Executive control in speech comprehension: bilingual dichotic listening studies
MetadataShow full item record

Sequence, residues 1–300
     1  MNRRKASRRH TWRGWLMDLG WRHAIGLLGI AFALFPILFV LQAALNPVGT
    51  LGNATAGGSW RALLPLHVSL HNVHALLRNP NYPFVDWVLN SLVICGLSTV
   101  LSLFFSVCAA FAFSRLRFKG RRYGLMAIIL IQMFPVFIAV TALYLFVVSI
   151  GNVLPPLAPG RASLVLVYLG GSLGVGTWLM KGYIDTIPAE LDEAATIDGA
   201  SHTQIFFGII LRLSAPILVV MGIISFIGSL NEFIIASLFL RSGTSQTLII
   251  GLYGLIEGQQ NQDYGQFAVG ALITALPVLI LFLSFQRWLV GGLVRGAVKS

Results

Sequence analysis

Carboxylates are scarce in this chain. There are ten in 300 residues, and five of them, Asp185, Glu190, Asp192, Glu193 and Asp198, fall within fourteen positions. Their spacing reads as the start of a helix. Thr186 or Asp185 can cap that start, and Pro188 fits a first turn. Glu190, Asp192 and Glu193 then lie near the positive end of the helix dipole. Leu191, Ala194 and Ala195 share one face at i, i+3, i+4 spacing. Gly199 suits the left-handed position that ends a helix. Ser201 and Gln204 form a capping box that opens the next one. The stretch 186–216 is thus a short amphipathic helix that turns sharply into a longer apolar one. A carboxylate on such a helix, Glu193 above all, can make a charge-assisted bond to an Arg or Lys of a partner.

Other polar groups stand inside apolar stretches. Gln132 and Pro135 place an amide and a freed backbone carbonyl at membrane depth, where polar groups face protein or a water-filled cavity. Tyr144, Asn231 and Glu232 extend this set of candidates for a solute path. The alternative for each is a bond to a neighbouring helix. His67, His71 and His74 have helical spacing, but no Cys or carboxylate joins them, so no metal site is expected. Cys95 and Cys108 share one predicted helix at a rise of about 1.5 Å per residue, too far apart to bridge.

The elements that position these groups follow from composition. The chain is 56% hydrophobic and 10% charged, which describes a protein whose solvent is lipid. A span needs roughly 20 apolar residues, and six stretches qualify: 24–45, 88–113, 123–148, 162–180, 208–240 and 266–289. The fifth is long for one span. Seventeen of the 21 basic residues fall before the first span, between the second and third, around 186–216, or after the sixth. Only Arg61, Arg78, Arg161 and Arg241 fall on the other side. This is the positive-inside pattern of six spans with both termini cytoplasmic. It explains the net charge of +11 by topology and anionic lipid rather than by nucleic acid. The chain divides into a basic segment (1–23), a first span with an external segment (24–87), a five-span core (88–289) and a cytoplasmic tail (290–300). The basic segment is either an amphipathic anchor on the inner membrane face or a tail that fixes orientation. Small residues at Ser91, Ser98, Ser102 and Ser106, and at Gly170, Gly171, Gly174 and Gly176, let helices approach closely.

In this dissertation, the traditional dichotic listening paradigm was integrated with the notion of working memory capacity (WMC) to explore the cognitive mechanism of bilingual speech comprehension at the passage level. A bilingual dichotic listening (BDL) task was developed and administered to investigate characteristics of bilingual listening comprehension, which include semantic relatedness, unattended language, ear preference, auditory attentional control, executive control, voluntary note-taking, and language switching. The central concept of the BDL paradigm is that the auditory stimuli are presented in the bilinguals’ two languages and their attention is directed to one of their ears while they have to overcome cognitive and linguistic conflicts caused by information in the other ear. Different experimental manipulations were employed in the BDL task to examine the characteristics of bilingual listening comprehension. The bilingual population examined was Japanese- English bilinguals with relatively high second language (L2) proficiency and WMC. Seven experiments and seven cross-experimental comparisons are reported. Experiment 1 employed the BDL task with pairs of passages that had different semantic relationships (i.e., related or unrelated) and were heard in different languages (i.e., L1 or L2). The semantically related passages were found to interfere with comprehension of the attended passage more than the semantically unrelated passages, whether the attended and unattended languages were the same or different. Contrary to the theories of bilingual language control, unattended L1 was found to enhance comprehension of the attended passage, regardless of semantic relationships and language it was heard in. L2 proficiency and WMC served as good predictors of resolution of the cognitive and linguistic conflicts. The BDL task is suggested to serve as an experimental paradigm to explore executive control and language control in bilingual speech comprehension. Experiment 2 was conducted to investigate language lateralisation (i.e., ear preference) on bilingual speech comprehension, hence, the participants in Experiment 1 used their preferred ear, whereas participants in Experiment 2 used their non-preferred ear, whether it was left or right, in the BDL task. Comprehension was better through the preferred ear, indicating that there is a favourable ear-to-hemisphere route for understanding bilinguals’ two languages. Most of the participants were found to be left-lateralised (i.e., right-eared) and some to be right-lateralised (i.e., left-eared) presumably depending on their L2 proficiency and WMC. Experiment 3 was concerned with auditory attentional control, and explored whether there would be a right-ear advantage (REA). The participants indicated an REA whether the attended and unattended languages were L1 or L2. When they listened to Japanese in the left ear, they found it more difficult to suppress Japanese in the right ear than English. WMC was not required as much as expected for auditory attentional control probably because the passages in Experiment 3 did not yield as much semantic competition as those in Experiment 1. L2 proficiency was crucial for resolving within- and between-language competition in each ear. Experiments 4, 5, and 6 were replications of Experiments 1, 2 and 3, but these latter experiments considered the effect of note-taking that is commonly performed in everyday listening situations. Note-taking contributed to better performance and clearer understanding of the role of WMC in bilingual speech comprehension. A cross-experimental analysis between Experiments 1, 2, 4, and 5 revealed not only a facilitatory role of note-taking in bilingual listening comprehension in general, but also a hampering role when listening through the preferred ear. Experiment 7 addressed the effect of predictability of language switching by presenting L1 and L2 in a systematic order while switching attention between ears and comparing the result with that of Experiment 6 where language switching was unpredictable. The effect of predictability of language switching was different between ears. When language switches were predictable, higher comprehension was observed in the left ear than the right ear, and when language switches were unpredictable, higher comprehension was observed in the right ear than the left ear, thereby suggesting a mechanism of asymmetrical language control. WMC was more related to processing of predictable language switches than that of unpredictable language switches. The dissertation ends with discussions of the implications from the seven BDL experiments and possible applications, along with experimental techniques from other relevant disciplines that might be used in future research to yield additional insight into how bilingual listeners sustain their listening performance in their two languages in the real-life situations.